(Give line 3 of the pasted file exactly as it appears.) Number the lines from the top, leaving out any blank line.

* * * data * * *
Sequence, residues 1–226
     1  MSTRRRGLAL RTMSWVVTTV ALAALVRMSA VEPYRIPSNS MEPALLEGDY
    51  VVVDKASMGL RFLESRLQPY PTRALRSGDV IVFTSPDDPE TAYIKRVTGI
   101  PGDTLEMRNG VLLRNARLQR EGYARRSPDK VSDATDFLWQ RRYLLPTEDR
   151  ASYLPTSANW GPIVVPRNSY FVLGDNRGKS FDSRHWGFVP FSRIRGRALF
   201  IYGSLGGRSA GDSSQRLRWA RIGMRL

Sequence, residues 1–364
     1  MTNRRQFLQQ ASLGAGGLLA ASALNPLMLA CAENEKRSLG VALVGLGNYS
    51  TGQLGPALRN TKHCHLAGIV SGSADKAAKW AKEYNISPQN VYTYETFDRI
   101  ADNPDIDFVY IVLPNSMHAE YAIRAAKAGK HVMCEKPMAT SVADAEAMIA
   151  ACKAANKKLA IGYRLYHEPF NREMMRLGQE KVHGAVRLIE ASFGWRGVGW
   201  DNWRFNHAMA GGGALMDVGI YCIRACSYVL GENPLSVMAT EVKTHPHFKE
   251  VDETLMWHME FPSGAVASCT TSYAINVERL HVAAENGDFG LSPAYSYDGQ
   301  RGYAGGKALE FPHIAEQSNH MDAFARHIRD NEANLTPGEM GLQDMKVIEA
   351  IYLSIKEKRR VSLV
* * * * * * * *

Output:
    51  VVVDKASMGL RFLESRLQPY PTRALRSGDV IVFTSPDDPE TAYIKRVTGI